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A Victim of Higher Space (1917)
Algernon Blackwood
(click on names to see more mathematical fiction by the same author)

Contributed by Vijay Fafat

This is another of the John Silence tall-tales, this time involving a man who learns to visualize 4-dimensional space and then starts slipping in and out of the hyperspace. As he describes it,

"This room we now sit in, Dr. Silence, has one side open to space--to higher space. A closed box only seems closed. There is a way in and out of a soap bubble without breaking the skin."


“Certain people, certain human atmospheres, certain wandering forces, thoughts, desires even--the radiations of certain combinations of colour, and above all, the vibrations of certain kinds of music, will suddenly throw me into a state of what I can only describe as an intense and terrific inner vibration--and behold I am off! Off in the direction at right angles to all our known directions! Off in the direction the cube takes when it begins to trace the outlines of the new figure, the tessaract! Off into my breathless and semi-divine higher space! Off, inside myself, into the world of four dimensions!"

(quoted from A Victim of Higher Space)

"The audacious speculations of Bolyai, the amazing theories of Gauss--that through a point more than one line could be drawn parallel to a given line; the possibility that the angles of a triangle are together greater than two right angles, if drawn upon immense curvatures--the breathless intuitions of Beltrami and Lobatchewsky--all these I hurried through, and emerged, panting but unsatisfied, upon the verge of my--my world, my higher space possibilities--in a word, my disease!"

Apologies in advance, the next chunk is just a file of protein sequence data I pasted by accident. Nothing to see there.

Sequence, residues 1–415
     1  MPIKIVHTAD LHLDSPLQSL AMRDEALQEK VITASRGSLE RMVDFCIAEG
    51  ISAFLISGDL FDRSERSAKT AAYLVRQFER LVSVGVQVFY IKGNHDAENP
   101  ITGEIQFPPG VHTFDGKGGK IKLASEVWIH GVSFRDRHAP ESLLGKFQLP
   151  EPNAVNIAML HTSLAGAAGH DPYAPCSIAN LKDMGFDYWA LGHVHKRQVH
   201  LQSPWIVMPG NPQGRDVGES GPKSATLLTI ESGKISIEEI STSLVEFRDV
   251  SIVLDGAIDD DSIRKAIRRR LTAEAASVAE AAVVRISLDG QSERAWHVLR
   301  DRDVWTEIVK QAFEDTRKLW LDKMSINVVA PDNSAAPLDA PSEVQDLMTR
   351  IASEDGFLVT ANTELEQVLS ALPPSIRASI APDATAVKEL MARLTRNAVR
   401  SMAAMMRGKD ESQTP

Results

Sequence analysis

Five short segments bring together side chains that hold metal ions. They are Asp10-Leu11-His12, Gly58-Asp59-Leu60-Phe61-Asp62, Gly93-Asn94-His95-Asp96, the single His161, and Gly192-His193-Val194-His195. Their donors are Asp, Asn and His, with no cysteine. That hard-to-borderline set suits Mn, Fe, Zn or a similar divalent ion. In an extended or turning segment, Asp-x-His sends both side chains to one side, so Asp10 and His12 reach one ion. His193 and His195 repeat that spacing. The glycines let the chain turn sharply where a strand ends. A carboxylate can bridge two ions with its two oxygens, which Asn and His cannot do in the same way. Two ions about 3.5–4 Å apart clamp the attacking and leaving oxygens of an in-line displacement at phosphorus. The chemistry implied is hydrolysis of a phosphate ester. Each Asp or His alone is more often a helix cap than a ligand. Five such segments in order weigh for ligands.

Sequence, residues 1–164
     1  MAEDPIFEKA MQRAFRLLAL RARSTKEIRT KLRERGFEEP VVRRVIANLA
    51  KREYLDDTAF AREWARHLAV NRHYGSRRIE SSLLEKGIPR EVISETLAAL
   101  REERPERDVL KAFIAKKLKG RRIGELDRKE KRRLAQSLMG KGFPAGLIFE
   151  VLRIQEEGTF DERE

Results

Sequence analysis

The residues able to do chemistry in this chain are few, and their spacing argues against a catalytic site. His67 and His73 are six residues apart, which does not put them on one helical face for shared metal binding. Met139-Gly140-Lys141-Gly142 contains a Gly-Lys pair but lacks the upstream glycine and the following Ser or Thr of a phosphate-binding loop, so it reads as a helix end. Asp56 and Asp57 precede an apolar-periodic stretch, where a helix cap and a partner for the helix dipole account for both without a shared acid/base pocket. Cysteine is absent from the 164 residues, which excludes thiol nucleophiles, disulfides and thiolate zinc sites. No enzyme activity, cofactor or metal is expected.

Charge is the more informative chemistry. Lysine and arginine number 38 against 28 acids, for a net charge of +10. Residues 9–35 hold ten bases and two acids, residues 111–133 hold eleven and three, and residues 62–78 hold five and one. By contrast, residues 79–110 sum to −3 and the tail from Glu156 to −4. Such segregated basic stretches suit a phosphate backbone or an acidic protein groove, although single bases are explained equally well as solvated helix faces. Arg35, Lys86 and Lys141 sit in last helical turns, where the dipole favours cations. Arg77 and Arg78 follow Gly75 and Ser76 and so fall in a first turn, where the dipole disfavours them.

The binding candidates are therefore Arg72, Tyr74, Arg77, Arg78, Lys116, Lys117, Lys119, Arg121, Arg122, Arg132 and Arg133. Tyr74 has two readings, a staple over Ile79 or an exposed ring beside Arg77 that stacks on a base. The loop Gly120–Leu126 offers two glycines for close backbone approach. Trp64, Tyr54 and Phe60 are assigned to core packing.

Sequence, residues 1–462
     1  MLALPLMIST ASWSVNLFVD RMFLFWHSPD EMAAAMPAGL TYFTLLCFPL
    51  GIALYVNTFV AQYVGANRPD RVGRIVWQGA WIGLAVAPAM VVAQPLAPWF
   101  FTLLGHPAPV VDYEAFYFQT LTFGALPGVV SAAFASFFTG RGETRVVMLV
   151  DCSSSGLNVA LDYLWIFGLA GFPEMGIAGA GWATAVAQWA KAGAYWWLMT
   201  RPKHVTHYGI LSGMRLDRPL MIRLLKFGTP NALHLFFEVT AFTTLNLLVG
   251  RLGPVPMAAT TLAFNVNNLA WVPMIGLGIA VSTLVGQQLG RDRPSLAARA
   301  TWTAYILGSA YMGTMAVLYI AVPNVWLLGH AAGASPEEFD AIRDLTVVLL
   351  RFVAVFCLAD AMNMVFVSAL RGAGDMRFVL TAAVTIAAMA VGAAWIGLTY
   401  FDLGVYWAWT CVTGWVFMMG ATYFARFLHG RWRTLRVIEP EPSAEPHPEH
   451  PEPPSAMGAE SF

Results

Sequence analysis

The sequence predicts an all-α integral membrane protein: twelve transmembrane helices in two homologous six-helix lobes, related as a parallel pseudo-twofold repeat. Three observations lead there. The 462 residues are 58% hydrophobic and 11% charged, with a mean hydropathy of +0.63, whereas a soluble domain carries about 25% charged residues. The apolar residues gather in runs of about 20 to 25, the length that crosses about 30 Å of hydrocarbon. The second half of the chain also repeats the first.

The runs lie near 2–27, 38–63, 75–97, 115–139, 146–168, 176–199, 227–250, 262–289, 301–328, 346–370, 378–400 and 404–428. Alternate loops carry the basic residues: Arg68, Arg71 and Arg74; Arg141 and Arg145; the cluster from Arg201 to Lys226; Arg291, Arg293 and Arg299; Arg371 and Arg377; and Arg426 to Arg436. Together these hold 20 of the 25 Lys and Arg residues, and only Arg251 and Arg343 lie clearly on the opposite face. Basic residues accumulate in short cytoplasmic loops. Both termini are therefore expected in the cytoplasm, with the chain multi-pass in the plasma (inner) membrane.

Originally pubilshed in Day and Night Stories (1917).

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Works Similar to A Victim of Higher Space
According to my `secret formula', the following works of mathematical fiction are similar to this one:
  1. The Pikestaffe Case by Algernon Blackwood
  2. Into the Fourth by Adam Hull Shirk
  3. Gold Dust and Star Dust by Cyrill Wates
  4. A Modern Comedy of Science by Issac Nathanson
  5. The Mobius Trail by George Smith
  6. The Professor's Experiments - The Dimension of Time by Paul Bold
  7. Through the Black Board by Joel Rogers
  8. The Vanishing Man by Richard Hughes
  9. The Universe Broke Down by Robert Arthur
  10. The Shape of Things by Ray Bradbury
Ratings for A Victim of Higher Space:
RatingsHave you seen/read this work of mathematical fiction? Then click here to enter your own votes on its mathematical content and literary quality or send me comments to post on this Webpage.
Mathematical Content:
2/5 (1 votes)
Literary Quality:
2/5 (1 votes)

GenreScience Fiction,
MotifHigher/Lower Dimensions,
MediumShort Stories, Available Free Online,

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Exciting News: The 1,600th entry was recently added to this database of mathematical fiction! Also, for those of you interested in non-fictional math books let me (shamelessly) plug the recent release of the second edition of my soliton theory textbook.

(Maintained by Alex Kasman, College of Charleston)